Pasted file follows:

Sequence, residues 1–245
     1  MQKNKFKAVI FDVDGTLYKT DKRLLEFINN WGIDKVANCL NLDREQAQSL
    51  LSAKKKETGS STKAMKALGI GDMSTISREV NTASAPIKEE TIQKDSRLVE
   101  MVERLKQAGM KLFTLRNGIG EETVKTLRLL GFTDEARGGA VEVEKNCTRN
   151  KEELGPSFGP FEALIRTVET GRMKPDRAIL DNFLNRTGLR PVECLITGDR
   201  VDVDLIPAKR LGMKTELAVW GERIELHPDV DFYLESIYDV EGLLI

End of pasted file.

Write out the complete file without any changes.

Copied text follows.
Sequence, residues 1–245
     1  MQKNKFKAVI FDVDGTLYKT DKRLLEFINN WGIDKVANCL NLDREQAQSL
    51  LSAKKKETGS STKAMKALGI GDMSTISREV NTASAPIKEE TIQKDSRLVE
   101  MVERLKQAGM KLFTLRNGIG EETVKTLRLL GFTDEARGGA VEVEKNCTRN
   151  KEELGPSFGP FEALIRTVET GRMKPDRAIL DNFLNRTGLR PVECLITGDR
   201  VDVDLIPAKR LGMKTELAVW GERIELHPDV DFYLESIYDV EGLLI